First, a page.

Game Review: EDENGATE: The Edge of Life (Xbox Series X)

Publisher/developer Hook utilises the worldwide pandemic that has caused so much chaos over the past few years as inspiration for their new game, EDENGATE: The Edge of Life. Telling a sci-fi infused story about uncertainty, isolation, and hope when there seems like there is none.

A third person walking simulator, EDENGATE: The Edge of Life puts players in the role of Mia. A brilliant and successful scientist who was working on something world-changing but now wakes up alone in a hospital and suffering from amnesia.

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She doesn’t know who she is, she doesn’t know why she is in hospital, and she doesn’t know where everyone else has gone. The hospital is in disarray and the streets portray scenes of chaos, but most importantly, there’s not a single soul in sight.

Also, there are mysterious tentacles that can be dissolved with light.

It’s a weird game and its story is designed to be open to interpretation. As Mia, players need to explore linear paths, studying interactive items and solving minor puzzles to progress. All so the bigger picture of what has happened to the world can be seen. A picture that never fully comes into view as the latter portion of story becomes confusing and it ends abruptly.

It’s frustrating to see the potential of EDENGATE: The Edge of Life wasted. The nice visuals, isolated locations and ambient soundtrack really work to give this a creepy vibe. Yet, the more it drags on, the more it starts to feel unnecessarily convoluted. The more details that are given about Mia, the less interesting or likeable she becomes.

It’s not a long game either. Most players will have it wrapped up within two hours. So the fact that it feels longer is not good.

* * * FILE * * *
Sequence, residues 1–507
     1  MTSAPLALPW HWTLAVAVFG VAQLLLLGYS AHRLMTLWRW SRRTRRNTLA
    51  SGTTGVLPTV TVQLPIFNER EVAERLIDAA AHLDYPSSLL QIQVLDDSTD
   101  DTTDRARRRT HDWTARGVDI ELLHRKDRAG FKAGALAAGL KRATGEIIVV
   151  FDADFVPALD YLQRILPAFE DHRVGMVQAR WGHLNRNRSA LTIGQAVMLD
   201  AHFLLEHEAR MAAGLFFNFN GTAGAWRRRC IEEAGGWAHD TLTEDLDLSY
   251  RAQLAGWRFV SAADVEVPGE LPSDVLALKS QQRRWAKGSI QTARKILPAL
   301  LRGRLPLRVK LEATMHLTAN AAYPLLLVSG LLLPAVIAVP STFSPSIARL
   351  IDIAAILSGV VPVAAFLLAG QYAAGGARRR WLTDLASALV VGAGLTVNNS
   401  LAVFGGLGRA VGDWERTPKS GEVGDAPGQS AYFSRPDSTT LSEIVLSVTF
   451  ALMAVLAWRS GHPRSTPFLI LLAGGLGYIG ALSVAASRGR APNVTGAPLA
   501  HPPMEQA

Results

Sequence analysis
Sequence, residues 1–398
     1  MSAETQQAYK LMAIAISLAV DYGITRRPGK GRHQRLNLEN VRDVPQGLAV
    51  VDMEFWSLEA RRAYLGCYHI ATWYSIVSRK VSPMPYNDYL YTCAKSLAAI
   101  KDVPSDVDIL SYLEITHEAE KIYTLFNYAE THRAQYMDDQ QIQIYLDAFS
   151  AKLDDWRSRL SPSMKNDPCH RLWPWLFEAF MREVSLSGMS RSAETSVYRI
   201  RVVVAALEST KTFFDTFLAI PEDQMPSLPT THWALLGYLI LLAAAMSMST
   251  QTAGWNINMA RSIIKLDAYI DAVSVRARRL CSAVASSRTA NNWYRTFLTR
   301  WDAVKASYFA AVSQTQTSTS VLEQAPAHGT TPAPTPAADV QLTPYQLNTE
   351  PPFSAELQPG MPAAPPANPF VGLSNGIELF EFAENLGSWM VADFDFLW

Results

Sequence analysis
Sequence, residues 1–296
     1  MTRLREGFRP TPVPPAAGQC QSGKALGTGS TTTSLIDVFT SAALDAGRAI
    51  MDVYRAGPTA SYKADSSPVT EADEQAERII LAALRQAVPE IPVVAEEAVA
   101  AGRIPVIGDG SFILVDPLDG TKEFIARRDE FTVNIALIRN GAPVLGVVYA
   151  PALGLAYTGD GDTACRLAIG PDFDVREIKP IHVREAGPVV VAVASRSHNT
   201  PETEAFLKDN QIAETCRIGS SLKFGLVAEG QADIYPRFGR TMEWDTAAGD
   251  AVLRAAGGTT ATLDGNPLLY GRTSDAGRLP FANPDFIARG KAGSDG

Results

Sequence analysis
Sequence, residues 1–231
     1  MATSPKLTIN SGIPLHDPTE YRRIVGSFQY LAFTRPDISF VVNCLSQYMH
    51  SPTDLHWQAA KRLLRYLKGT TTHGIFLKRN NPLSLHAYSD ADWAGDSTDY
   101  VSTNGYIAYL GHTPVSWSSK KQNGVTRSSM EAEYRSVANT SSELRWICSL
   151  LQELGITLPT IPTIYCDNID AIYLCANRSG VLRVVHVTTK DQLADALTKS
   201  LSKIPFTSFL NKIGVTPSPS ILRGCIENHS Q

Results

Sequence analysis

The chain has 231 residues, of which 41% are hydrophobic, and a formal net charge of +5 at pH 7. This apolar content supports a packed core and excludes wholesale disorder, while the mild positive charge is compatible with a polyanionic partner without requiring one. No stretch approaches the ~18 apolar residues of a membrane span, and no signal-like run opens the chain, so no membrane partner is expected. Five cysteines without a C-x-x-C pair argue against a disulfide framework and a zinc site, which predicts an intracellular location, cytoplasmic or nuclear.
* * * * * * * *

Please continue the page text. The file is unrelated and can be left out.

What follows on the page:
Being a walking simulator, the lack of action is expected but the lack of challenge when it comes to puzzle solving is disappointing. Struggling to find the code for a door? It’s literally written on the wall. Wondering where to push a bin so you can climb on it to get to the next area? Here’s a handy visual marker to show you exactly where to push it. It’s handholding in the most egregious of ways.

Walking simulators live and die on one thing though and that’s their story. EDENGATE: The Edge of Life’s one just doesn’t do enough to satisfy. There’s open for interpretation and then there’s a lack of a decent explanation and conclusion. Unfortunately, EDENGATE: The Edge of Life sits in the latter camp.




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  • Carl Fisher

    Owner/Administrator/Editor/Writer/Interviewer/YouTuber - you name it, I do it. I love gaming, horror movies, and all forms of heavy metal and rock. I'm also a Discworld super-fan and love talking all things Terry Pratchett. Do you wanna party? It's party time!

EDENGATE: The Edge of Life (Xbox Series X)
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